It should be borne in mind that, according to the case-law of the Court, as regards the exception relating to legal advice laid down in the second indent of Article 4(2) of Regulation No 1049/2001, the examination to be undertaken by the Council when it is asked to disclose a document must necessarily be carried out in three stages corresponding to the three criteria in that provision (judgments of 1 July 2008, Sweden and Turco v Council, C‑39/05 P and C‑52/05 P, EU:C:2008:374, paragraph 37, and 3 July 2014, Council v in’t Veld, C‑350/12 P, EU:C:2014:2039, paragraph 95).

43

Accordingly, the Council must first be satisfied that the document it is being asked to disclose does indeed relate to legal advice. Second, it must examine whether disclosure of the parts of the document in question that have been identified as relating to legal advice would undermine the protection that must be afforded to that advice, in the sense that it would be harmful to an institution’s interest in seeking legal advice and receiving frank, objective and comprehensive advice. The likelihood of that interest being compromised must, in order to be capable of being relied on, be reasonably foreseeable and not purely hypothetical. Third and lastly, if the Council takes the view that disclosure of a document would undermine the protection of legal advice as defined above, it is incumbent on the Council to ascertain whether there is any overriding public interest justifying disclosure despite the fact that its ability to seek legal advice and receive frank, objective and comprehensive advice would be compromised thereby (see, to that effect, judgments of 1 July 2008, Sweden and Turco v Council, C‑39/05 P and C‑52/05 P, EU:C:2008:374, paragraphs 38 to 44, and 3 July 2014, Council v in’t Veld, C‑350/12 P, EU:C:2014:2039, paragraph 96).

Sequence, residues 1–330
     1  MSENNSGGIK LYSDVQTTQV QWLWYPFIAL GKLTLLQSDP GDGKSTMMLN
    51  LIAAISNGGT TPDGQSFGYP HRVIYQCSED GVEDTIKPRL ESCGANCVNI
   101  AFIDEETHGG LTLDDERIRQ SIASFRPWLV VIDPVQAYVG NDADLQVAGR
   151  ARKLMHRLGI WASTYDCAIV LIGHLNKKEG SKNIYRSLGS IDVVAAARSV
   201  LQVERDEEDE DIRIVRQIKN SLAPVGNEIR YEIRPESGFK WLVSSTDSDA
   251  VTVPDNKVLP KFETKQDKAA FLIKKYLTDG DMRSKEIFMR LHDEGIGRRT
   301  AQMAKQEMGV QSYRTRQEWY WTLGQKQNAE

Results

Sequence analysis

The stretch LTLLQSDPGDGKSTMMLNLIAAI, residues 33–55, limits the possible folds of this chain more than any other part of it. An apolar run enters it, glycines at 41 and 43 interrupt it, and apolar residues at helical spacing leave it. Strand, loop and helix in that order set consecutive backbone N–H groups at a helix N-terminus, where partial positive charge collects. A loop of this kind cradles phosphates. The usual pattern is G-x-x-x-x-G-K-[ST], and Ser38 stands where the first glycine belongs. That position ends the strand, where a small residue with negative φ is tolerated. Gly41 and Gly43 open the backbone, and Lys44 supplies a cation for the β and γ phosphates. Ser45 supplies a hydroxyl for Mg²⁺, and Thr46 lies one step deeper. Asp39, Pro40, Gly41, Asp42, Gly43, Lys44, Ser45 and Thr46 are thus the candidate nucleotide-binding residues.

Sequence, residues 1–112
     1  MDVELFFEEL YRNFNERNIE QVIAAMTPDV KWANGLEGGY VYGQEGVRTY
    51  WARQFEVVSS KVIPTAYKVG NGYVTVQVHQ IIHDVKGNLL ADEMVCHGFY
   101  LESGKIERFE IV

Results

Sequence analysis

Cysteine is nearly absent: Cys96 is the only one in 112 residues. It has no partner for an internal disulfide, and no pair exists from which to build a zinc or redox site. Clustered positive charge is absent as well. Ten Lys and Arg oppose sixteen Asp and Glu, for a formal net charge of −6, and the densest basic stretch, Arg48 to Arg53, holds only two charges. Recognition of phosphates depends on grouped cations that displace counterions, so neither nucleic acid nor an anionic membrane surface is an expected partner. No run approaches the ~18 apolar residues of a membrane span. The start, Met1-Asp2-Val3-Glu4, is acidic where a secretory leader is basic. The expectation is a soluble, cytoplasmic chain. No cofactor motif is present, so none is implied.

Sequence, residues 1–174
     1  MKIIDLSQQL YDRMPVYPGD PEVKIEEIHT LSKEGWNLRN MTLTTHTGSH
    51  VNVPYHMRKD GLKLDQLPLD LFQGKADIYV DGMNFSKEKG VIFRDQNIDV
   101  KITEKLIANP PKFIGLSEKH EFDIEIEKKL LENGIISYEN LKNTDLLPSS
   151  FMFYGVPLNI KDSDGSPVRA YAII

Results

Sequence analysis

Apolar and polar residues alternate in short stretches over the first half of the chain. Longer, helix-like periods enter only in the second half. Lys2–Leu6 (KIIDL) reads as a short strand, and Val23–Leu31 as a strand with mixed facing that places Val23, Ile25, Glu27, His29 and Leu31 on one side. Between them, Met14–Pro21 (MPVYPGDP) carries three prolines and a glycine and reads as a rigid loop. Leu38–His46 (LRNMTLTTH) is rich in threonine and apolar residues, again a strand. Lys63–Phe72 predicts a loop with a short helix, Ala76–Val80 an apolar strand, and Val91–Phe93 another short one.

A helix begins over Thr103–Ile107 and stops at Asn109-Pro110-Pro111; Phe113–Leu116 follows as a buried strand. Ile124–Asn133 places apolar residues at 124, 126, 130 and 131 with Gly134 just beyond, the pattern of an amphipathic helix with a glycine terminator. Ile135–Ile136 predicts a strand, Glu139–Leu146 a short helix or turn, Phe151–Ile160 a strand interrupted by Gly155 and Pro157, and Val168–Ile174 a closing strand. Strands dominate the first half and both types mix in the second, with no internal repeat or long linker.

44

The Court has also held that, in so far as the interest in protecting the independence of the Council’s Legal Service could be compromised by disclosure of opinions of the Council’s Legal Service issued in the course of legislative procedures, that likelihood would have to be weighed up against the overriding public interests underlying Regulation No 1049/2001. Such an overriding public interest is constituted by the fact that disclosure of documents containing the advice of an institution’s legal service on legal questions arising when legislative initiatives are being debated increases the transparency and openness of the legislative process and strengthens the democratic right of European citizens to scrutinise the information which has formed the basis of a legislative act, as referred to, in particular, in recitals 2 and 6 of that regulation. It is apparent from the considerations mentioned above that Regulation No 1049/2001 imposes, in principle, an obligation to disclose the opinions of the Council’s Legal Service relating to a legislative process (judgment of 1 July 2008, Sweden and Turco v Council, C‑39/05 P and C‑52/05 P, EU:C:2008:374, paragraphs 67 and 68).